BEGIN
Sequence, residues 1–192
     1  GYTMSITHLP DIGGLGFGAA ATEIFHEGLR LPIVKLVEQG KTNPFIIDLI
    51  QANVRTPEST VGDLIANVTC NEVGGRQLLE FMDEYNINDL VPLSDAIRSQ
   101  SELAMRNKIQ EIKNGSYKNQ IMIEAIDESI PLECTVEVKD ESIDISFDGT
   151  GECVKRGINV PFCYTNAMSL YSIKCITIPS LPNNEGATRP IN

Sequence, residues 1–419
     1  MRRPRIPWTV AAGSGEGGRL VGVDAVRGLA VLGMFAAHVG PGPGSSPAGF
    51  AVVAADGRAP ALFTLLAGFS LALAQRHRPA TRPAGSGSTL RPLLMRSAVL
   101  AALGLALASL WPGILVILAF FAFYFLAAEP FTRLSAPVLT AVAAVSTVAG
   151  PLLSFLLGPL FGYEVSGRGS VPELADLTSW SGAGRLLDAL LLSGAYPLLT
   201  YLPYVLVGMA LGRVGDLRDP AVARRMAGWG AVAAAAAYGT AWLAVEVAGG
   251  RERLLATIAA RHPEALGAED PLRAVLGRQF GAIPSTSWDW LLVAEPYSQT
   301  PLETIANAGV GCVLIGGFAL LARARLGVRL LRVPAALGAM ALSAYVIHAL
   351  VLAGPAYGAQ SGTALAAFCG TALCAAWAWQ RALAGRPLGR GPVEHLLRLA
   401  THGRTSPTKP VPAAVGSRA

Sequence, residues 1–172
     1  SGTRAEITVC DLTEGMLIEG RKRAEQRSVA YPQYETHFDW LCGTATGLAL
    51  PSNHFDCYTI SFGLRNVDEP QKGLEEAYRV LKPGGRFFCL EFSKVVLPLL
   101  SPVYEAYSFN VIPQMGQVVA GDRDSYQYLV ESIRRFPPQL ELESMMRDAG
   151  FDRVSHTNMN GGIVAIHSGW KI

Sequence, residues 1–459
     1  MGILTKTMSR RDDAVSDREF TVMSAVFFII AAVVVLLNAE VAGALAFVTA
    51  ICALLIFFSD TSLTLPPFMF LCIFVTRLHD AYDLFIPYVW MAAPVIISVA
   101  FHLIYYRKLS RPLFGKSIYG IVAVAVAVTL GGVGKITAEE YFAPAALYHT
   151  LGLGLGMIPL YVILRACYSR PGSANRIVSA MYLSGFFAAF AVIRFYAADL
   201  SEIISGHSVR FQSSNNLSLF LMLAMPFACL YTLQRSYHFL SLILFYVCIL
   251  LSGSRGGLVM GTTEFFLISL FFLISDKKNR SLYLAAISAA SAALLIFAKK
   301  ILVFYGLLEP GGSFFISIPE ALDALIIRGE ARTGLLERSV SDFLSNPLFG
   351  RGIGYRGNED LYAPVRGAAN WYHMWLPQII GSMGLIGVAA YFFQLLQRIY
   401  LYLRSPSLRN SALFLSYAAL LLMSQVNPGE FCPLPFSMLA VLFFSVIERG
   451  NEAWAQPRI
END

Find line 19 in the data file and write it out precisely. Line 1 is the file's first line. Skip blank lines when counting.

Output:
   101  SPVYEAYSFN VIPQMGQVVA GDRDSYQYLV ESIRRFPPQL ELESMMRDAG